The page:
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Filmism.net Dispatch March 19, 2012

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This week I want to talk about the President of Hollywood. I think his name's Rosenberg, and he sits at a desk in a corner office on that round building on Electra Court that looks over the Fairfax district. From there he smokes cigars, rants about 'the pictures' and issues missives about the perceptions filmgoers, producers and studios will have about this or that star, his decisions filtering down through the studio system and the film press to form the amphorous consensus of the film industry and anyone connected with it – right down to the lowliest ticket buyer.

Of course that's not the way it really is. There's no president of Hollywood. The building on Electra Court is a private residence (apparently built by an Internet billionaire, but I haven't been able to figure out who owns it at the moment). It did stand in for Lou Ferrigno's house in I Love You Man, but that's not important right now.

The point is that because Hollywood executives, producers and stars are no smarter than you or I, they make movies like most of us raise kids; slapdash, constantly pasting over the gaps and hoping for the best. If great movies and carefully directed careers were as easy as we think, there'd be a lot more of them.

Opinions and perceptions within a given cultural institution (like the movies) are a lot like the water at the bottom of a waterfall. They churn over and through each other, every which way, unshakable in force and then dissolving just as quickly. Sometimes they come from the moviemakers, sometimes they come from the press, sometimes they arise spontaneously from the way an audience responds to a film. They can be the opinion of a single reporter, actor or producer and influence a subsequent project that can go on to cement something we 'know' about an actor.

Consider the example of Liam Neeson, and how many people are talking about his having replaced the void left when the 80s-era action stars like Schwarzenegger and Stallone moved on, spending the 90s and 2000s in politics and obscurity respectively.

A few films like Taken and Unknown started the chatter, The Grey is galvanising it. As a result many of us now think Neeson is the likely candidate to take over the mantle 'action star' because he's been in a few Euro-flavoured thrillers with slightly more brains than Cobra or Raw Deal. And as we think it it's making it true because producers read the same stories and listen to the same party banter we do, and they think of him when they're casting their next Besson-esque action film.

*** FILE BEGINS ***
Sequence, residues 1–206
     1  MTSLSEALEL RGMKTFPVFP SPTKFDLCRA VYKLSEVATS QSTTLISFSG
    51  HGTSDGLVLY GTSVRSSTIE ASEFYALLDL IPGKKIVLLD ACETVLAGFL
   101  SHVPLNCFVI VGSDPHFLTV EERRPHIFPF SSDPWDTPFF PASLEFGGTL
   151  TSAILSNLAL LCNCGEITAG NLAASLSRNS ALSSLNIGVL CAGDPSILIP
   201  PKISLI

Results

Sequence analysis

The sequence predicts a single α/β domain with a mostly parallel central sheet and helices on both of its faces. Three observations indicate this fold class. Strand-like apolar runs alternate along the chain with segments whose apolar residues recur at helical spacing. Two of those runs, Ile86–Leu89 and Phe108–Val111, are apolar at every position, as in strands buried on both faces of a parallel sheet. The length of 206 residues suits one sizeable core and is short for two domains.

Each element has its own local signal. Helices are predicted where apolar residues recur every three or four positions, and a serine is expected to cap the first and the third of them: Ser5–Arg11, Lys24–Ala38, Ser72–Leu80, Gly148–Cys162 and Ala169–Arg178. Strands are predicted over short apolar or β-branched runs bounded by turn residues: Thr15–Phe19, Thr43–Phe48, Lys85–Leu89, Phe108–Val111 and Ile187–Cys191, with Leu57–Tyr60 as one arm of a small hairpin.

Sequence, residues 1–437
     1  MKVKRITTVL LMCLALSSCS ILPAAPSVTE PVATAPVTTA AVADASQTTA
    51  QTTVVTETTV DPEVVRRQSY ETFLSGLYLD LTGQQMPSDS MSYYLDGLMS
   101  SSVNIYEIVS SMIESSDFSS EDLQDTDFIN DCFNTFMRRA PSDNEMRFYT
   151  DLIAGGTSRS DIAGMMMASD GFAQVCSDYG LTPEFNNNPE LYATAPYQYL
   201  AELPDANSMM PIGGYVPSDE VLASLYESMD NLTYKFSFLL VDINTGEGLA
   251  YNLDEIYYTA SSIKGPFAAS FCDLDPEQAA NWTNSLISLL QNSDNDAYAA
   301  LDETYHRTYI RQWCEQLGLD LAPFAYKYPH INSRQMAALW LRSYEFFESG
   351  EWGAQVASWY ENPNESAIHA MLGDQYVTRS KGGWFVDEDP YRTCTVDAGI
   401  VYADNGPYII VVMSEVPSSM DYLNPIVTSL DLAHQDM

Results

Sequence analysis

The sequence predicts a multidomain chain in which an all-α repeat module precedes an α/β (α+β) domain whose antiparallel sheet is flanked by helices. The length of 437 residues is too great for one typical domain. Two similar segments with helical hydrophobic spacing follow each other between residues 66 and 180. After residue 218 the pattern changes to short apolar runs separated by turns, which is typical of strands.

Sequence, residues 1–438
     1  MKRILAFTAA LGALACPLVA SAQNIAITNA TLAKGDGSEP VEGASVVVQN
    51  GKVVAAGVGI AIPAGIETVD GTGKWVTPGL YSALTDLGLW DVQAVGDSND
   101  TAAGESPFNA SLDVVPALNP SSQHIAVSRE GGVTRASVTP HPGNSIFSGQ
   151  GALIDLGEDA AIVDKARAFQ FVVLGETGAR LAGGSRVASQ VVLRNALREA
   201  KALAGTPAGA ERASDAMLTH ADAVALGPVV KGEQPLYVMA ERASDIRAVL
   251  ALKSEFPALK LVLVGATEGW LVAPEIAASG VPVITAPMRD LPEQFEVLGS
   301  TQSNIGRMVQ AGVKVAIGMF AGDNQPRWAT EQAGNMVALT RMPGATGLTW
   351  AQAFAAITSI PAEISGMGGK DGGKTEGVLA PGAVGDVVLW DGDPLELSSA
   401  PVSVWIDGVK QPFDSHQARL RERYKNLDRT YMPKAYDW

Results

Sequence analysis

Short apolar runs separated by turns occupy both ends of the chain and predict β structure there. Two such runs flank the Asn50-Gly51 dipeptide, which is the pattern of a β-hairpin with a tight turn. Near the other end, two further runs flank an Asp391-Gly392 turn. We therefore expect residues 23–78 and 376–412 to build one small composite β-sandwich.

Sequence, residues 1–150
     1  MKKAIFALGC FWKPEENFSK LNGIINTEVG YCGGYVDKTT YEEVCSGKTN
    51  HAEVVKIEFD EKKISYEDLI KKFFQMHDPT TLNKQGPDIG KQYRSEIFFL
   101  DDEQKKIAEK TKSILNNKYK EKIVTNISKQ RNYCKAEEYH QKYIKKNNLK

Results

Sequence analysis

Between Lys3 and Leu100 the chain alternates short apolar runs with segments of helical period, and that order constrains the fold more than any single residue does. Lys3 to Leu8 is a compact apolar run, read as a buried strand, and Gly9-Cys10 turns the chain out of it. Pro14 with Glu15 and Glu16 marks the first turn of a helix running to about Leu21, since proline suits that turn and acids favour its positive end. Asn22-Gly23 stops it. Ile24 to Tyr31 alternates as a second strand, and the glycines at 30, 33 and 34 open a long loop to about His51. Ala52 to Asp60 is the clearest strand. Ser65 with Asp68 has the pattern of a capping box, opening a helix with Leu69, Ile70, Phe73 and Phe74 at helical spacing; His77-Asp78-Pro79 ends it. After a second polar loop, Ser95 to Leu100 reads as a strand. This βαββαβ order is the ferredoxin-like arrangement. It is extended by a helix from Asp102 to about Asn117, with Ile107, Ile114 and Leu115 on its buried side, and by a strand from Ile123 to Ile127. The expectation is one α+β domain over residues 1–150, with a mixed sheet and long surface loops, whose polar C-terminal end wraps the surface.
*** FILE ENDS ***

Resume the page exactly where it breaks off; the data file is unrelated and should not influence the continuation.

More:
The same thing happens with movies themselves, incidentally. Consensus opinion arises over a movie and sticks, and any time you go on to talk about it you feel the pressure to acknowledge the wisdom of judgment cast by the mob. Take Pearl Harbor, Michael Bay's almost universally reviled movie about the day the US joined World War 2. Say what you like about the jingoism, flag waving and mecha-porn scattered throughout all his movies like croutons over a Caeser salad, the central attack sequence is technically nothing short of brilliant, and the whole thing has some of the best production design and camerawork ever.

So by all means take note of the blogging, the talk and the editorial comment about a star, movie or genre. It's neither right nor wrong, it's just the result of the spontaneous mass expression that underpins all human culture. You're part of it, and every time you open your mouth or rest your fingers on a keyboard to talk about the movies you're doing it. You are the influencer in the giant house on the hill overlooking Hollywood.

Another great example is the career of Leslie Nielsen, who enjoyed a series of very straight laced lead roles until three brothers from the midwest acted on their conviction that there was a fine line between stern drama and hilarity. They cast Nielsen as Dr Rumack in Flying High, and the rest was comic history.

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